In the opposite direction, we have Hoyle’s calculation for cytochrome c. How does this form randomly?
I'm guessing Hoyle's is an all-in-one-go calculation like his tornado in a junkyard. Proteins can start as promiscuous and evolve specificity. Alan Fox
...dwarfs the numerator, which is the total number of known functional sequences in the human genome...
What is at issue is the density of functional proteins in sequence space. This is unknown. Jack Szostak threw a little light on it with their seminal paper and work continues. You might like Andreas Wagner's Arrival of the Fittest for an overview. Alan Fox
Why would Doug Axe be wrong?
Well, that's a philosopher's question. I can only tell you Axe's (2004) work is badly flawed. I'd sum it as an elegant example of the Texas sharpshooter fallacy. Alan Fox
As to an approximate figure for infinity, it’s this: infinity minus one.
I'll give you the benefit of the doubt and assume you are joking. Alan Fox
PaV: how could a designer come up with a design unless he’s aware of the parameters available You're proposing a lot of possibilities. It would take some time to check them all out. And how would you check them out. divide that by the total number of sequences in sequence space for human cells. 2 raised to the six billionth power, which is the divisor Could you explain how you get to 2 raised to the 6 billionth power? JVL
JVL: Yes, 1 in 22^105. As to your doubts about a designer, how could a designer come up with a design unless he's aware of the parameters available? What makes you think that God lives in time? He's an Infinite Being. Now that's who I think is the Designer, because otherwise I can't see who could have devised biological life with our puny human intelligence. PaV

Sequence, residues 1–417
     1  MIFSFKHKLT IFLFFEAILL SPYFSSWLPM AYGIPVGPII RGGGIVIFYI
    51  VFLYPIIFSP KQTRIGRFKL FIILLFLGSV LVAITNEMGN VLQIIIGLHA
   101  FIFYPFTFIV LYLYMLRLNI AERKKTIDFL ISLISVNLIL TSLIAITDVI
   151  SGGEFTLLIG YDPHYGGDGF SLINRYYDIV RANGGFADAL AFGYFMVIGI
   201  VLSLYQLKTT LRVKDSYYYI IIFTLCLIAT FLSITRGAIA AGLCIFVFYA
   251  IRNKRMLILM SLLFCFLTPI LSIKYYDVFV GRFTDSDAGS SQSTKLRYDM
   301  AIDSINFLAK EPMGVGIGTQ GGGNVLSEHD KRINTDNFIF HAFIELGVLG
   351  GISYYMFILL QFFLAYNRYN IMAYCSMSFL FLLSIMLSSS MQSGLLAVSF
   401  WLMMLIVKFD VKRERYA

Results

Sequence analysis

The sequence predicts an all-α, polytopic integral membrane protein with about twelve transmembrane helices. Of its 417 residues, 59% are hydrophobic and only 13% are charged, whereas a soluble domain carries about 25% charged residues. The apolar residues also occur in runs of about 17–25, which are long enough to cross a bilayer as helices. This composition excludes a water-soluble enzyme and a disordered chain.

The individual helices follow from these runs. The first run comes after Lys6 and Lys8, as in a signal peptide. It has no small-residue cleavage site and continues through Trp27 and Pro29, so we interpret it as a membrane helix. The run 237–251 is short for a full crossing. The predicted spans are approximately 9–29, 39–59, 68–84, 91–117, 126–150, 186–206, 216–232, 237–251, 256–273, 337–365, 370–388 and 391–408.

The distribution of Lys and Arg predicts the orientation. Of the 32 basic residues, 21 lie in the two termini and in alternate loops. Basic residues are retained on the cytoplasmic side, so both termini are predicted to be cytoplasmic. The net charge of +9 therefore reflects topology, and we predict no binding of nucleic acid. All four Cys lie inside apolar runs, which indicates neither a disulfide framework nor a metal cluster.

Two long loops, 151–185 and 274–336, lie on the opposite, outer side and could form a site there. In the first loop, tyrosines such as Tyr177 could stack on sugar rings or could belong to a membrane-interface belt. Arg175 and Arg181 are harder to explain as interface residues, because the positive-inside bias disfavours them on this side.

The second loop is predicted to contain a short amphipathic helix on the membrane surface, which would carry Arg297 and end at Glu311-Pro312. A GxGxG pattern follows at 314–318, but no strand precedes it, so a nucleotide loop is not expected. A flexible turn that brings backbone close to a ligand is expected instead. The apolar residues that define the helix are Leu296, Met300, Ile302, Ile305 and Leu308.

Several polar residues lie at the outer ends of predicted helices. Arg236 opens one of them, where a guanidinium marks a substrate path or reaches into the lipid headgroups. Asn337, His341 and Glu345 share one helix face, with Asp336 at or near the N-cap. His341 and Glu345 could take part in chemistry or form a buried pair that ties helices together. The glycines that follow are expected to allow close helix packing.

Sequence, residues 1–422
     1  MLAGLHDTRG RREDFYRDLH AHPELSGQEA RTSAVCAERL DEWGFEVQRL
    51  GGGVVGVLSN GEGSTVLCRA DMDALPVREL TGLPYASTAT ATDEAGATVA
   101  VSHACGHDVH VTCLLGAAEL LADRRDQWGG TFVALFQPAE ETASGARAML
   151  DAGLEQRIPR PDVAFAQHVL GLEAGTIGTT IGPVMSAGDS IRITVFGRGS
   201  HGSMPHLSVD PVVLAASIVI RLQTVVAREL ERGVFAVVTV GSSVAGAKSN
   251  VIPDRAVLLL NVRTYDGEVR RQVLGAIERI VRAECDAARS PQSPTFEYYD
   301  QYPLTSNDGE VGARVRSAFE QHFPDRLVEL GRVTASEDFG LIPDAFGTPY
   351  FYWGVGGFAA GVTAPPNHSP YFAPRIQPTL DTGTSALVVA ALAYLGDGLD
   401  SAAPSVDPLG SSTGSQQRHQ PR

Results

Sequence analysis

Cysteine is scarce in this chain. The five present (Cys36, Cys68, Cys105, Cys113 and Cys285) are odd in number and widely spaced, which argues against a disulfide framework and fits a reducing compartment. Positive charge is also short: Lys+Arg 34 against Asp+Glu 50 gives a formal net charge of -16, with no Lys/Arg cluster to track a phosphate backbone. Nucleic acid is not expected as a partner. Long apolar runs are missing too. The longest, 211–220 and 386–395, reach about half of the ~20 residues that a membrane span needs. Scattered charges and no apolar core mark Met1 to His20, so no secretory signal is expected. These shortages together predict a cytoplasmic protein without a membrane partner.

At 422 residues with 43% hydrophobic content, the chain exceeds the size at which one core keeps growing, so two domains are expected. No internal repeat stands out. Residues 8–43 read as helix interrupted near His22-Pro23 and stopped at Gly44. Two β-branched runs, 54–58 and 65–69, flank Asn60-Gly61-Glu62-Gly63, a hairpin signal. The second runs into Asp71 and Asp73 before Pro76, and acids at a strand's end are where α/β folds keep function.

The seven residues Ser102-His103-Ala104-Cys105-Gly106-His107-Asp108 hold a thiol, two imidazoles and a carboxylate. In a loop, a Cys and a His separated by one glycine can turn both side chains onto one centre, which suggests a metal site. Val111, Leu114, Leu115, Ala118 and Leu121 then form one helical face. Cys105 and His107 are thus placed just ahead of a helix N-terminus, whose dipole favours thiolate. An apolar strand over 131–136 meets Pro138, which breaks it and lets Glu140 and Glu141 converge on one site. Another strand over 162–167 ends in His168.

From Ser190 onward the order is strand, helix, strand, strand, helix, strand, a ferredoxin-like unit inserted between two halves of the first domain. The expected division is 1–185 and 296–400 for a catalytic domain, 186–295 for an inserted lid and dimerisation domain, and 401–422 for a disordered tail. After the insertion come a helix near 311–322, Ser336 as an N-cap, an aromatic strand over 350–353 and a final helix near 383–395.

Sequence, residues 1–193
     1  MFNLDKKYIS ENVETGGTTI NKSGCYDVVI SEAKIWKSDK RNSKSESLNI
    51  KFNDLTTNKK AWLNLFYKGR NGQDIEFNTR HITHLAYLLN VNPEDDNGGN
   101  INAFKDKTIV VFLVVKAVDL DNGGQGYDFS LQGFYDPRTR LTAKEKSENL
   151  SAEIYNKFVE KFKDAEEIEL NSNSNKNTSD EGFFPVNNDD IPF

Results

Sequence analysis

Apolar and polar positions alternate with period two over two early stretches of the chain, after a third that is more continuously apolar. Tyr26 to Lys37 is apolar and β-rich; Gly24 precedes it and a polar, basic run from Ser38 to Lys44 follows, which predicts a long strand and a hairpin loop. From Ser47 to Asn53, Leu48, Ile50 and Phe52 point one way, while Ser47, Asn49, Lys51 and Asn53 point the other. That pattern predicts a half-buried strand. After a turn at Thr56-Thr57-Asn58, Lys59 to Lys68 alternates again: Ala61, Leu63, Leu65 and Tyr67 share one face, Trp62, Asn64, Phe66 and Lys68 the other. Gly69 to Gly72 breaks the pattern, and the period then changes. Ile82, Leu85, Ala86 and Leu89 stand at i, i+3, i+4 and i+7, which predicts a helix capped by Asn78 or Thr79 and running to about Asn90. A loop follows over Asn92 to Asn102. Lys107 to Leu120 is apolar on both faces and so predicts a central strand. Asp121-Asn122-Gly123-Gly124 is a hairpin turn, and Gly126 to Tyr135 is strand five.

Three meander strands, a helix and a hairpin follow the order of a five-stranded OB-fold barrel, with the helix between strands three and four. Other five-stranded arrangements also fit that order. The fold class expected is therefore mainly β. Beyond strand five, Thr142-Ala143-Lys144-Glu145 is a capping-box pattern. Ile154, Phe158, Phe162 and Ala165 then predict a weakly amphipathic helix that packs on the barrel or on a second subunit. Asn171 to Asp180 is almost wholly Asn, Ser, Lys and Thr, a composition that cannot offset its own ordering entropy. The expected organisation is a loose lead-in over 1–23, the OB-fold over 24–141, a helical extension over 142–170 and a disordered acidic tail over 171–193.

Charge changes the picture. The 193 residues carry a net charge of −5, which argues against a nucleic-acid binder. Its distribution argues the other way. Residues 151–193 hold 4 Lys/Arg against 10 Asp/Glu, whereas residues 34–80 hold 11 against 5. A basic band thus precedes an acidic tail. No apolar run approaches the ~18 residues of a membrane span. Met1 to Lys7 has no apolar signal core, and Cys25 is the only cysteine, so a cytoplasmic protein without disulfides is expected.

Jerry, The quote you include in your last post mention concepts and ideas that Ruth presents in the video. Why would Doug Axe be wrong? He did the experiments--actual experiments, versus notions of proto-genes, whose operation and existence present problems to evolutionary theory. But, I'll take a look. PaV
Alan Fox: Take the total number of functional sequences we know of, multiply that number by a million, and then divide that by the total number of sequences in sequence space for human cells. 2 raised to the six billionth power, which is the divisor, completely overwhelms and dwarfs the numerator, which is the total number of known functional sequences in the human genome multiplied by a million. In the opposite direction, we have Hoyle's calculation for cytochrome c. How does this form randomly? How can cell life take place, let alone divide, without it? Where did it come from? Either way, the astronomically small probability makes thinking this can be explained by physical forces alone, in my opinion, nothing more than metaphysics. As to functionality and specificity, what you write indicates you don't understand either concept as it's presented by ID advocates. You confuse "particular" modes of functionality and specificity with the more "general" modes of what function and specificity is. As to an approximate figure for infinity, it's this: infinity minus one. PaV